The village of Bramshaw has been witness to ‘occult markings’ spray-painted on the church door and a sheep was stabbed, daubed with purple and green pentagrams and left in a local field. A heifer and two calves were also stabbed and are currently in the care of local vets.
This is not the first set of attacks on animals in the New Forest this year. In October, a horse was found stabbed to death in a field in Walkford Lane, Walkford, near Christchurch.
Throughout the region, animals are owned by local farmers but are allowed to wander freely, particularly the New Forest’s famous community of ponies in addition to cattle and sheep. Thus, gaining access to animals is not difficult and much of the area consists of woodland or open scrub. Although there are villages, towns and isolated houses throughout the New Forest, much of it is still secluded and, at night, badly lit.
Because of the symbology used, the recent incidents have given rise to local concerns about a ‘Satanic cult.’ The ‘occult markings’ in question were the number 666 and an inverted cross.
The sheep were discovered by dog-walker Judy Rudd, who is reported as saying “It was very unpleasant – some people think it’s sinister.”
Her husband says: “I think it’s reasonable to say it’s not just lads messing about. It’s unnerving – we’ve lived here for 40 years and there’s been nothing like this before. It’s related to something other than simply a desire to injure animals – it’s either witchcraft or whatever. It’s rather worrying.”
A farmer from Bramshaw, whose cow was knifed and needed veterinary treatment, added: “I’m very concerned for the welfare of the animals and the people out there in the forest. It’s quite scary to know somebody is going around doing this. Why injure and kill animals and put symbols on them?”
Tony Hockley, a resident and the chairman of the New Forest Commoners Defence Association (CDA), has expressed concerns regarding these incidents to the wider community, pointing out to The Independent that this is a relatively small rural community.
“Any harm to New Forest livestock hurts everyone. We all depend upon the vocational commitment of 700 local people to turn livestock out to graze the landscape. Most have just a few animals, and there are only 200 sheep in the whole of the New Forest. It is devastating to lose one in this way, and it is the sort of thing that will make commoners give up. If the grazing goes then the accessibility, culture and biodiversity go too,” Hockley said.
The vicar of St Peter’s, the Rev David Bacon, said that the incidents, which occurred between November 16 and 20, could be a result of witchcraft or black magic. “It could just be kids but I don’t think it is, given the context. There’s been witchcraft round here for hundreds of years – the New Forest is well known for witchcraft and black magic and this has obviously gone up a level.”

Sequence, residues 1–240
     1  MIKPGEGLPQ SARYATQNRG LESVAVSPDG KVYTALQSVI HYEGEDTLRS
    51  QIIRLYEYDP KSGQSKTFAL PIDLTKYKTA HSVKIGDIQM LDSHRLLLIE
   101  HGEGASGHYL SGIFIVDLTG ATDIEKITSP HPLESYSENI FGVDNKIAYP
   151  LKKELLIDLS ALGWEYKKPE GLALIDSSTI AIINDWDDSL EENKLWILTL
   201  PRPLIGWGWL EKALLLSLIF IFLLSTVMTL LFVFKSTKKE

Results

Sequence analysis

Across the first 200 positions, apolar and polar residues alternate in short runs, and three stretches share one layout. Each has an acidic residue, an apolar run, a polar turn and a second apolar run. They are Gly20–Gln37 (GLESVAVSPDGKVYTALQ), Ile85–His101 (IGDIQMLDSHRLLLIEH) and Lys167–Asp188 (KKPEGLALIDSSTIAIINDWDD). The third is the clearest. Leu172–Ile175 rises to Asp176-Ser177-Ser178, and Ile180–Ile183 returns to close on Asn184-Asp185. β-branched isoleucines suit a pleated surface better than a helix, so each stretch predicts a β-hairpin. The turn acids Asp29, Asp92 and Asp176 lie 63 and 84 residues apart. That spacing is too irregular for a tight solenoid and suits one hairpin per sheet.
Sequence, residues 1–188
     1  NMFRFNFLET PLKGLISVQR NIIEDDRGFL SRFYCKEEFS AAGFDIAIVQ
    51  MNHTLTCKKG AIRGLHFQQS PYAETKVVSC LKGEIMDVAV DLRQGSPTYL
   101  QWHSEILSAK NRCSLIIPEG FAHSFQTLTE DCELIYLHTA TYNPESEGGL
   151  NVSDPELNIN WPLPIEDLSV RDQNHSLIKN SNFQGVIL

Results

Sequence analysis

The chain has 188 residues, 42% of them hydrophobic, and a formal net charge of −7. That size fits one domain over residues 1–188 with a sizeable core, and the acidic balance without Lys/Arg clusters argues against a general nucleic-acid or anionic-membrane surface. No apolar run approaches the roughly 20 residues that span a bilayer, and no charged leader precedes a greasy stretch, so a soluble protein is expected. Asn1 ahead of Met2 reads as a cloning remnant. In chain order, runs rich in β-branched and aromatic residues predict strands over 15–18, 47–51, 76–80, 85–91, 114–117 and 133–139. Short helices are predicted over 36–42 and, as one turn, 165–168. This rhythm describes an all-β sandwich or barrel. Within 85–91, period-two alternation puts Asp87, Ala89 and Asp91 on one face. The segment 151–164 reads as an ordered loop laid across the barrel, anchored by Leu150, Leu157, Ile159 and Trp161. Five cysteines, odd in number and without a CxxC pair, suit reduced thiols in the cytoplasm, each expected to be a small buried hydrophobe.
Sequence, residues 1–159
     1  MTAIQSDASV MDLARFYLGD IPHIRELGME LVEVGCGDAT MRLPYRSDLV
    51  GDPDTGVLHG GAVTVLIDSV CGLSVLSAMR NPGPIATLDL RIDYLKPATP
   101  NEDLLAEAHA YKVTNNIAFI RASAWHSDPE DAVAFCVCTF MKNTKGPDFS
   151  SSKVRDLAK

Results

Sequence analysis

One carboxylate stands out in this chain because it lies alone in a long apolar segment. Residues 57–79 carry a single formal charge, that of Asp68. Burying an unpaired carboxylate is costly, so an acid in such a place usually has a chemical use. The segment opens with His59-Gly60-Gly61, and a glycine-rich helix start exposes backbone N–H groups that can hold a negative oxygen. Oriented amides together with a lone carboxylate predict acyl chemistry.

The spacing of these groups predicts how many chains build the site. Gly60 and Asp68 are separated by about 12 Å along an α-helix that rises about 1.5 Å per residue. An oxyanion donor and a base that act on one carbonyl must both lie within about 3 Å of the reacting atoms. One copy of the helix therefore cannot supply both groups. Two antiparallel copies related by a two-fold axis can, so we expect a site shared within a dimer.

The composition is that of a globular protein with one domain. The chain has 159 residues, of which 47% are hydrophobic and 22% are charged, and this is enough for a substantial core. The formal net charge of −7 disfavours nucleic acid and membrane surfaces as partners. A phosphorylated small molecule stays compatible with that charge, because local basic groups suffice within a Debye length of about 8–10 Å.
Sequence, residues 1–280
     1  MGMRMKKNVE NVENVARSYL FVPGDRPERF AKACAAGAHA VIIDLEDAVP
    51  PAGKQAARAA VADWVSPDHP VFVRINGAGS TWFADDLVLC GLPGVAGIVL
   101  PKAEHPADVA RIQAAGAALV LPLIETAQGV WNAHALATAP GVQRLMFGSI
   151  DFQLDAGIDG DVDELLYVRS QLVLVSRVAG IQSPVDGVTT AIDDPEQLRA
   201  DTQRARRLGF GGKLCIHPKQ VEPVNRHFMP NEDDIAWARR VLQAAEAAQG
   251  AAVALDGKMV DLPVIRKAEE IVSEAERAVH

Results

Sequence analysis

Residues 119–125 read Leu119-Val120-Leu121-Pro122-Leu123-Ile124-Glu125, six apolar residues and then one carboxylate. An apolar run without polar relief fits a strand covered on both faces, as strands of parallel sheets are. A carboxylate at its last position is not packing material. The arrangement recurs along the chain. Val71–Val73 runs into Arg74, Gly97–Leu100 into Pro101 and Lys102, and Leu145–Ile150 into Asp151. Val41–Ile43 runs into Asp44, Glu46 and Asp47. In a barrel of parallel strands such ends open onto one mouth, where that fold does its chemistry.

People who are not conversant with the practices of contemporary Paganism cannot necessarily be expected to draw a distinction between the way in which this spiritual path is often misrepresented in the media, and how it takes shape in real life, which is why the educational efforts of organizations such as the Pagan Federation must continue to push back against inaccurate and potentially damaging stereotypes.
The New Forest is, indeed, known for its history of witchcraft. Gerald Gardner founded modern Wicca here, claiming that he had based it on the practices of older covens, and New Forest villages such as Burleigh are now known for the number of Witchcraft shops and Witch-themed businesses. Tony Hockley of the CDA comments upon this but says, “The New Forest, like many rural areas, has a historical association with Witchcraft so that draws some people and some of the local shops trade on that but it’s normally more about fairies.”
As readers of The Wild Hunt will obviously be aware, Wicca does not undertake animal sacrifice. Moreover, Satanic groups in the UK tend to be largely urban and revolve around political activism rather than any form of religious practice. Both groups are opposed to this kind of cruelty and vandalism, and Pagans obviously do not use symbols such as inverted crosses, although they do use pentacles and pentagrams. However – as is not uncommon in these cases – the local Pagan community and Satanic activist groups risk being associated with this criminal activity.
Simon Wood, from the New Forest clan Pagans of Ytene and a former member of the PPA before retiring from policing in 2016, said: “There are lots of clans in the New Forest but discrimination against Pagans is still widespread.”
The pagan community of the New Forest have expressed dismay and revulsion regarding the recent attacks, and have called upon the assistance of the Police Pagan Federation, part of whose remit is to work with local law forces and endeavor to provide accurate information about Pagan practices.
Comments by the general public beneath an article on the animal attacks in the Bournemouth Echo showed some awareness of the difference between Witchcraft, Wicca and Satanism, with, in addition, an emerging consensus that the animal attacks and vandalism are more likely to have been carried out by someone who has no particular spiritual affiliation and who is simply criminally minded or unwell.
The Hampshire police have asked for anyone who might have information to contact them directly.
The Royal Society for the Prevention of Cruelty to Animals (RSPCA) has also requested that anyone who has information should come forward. Sergeant Andy Williams, of Hampshire Constabulary’s Country Watch team, says, “If you have any information that could help our enquiries, then please call 101, quoting the crime reference number 44190416137.”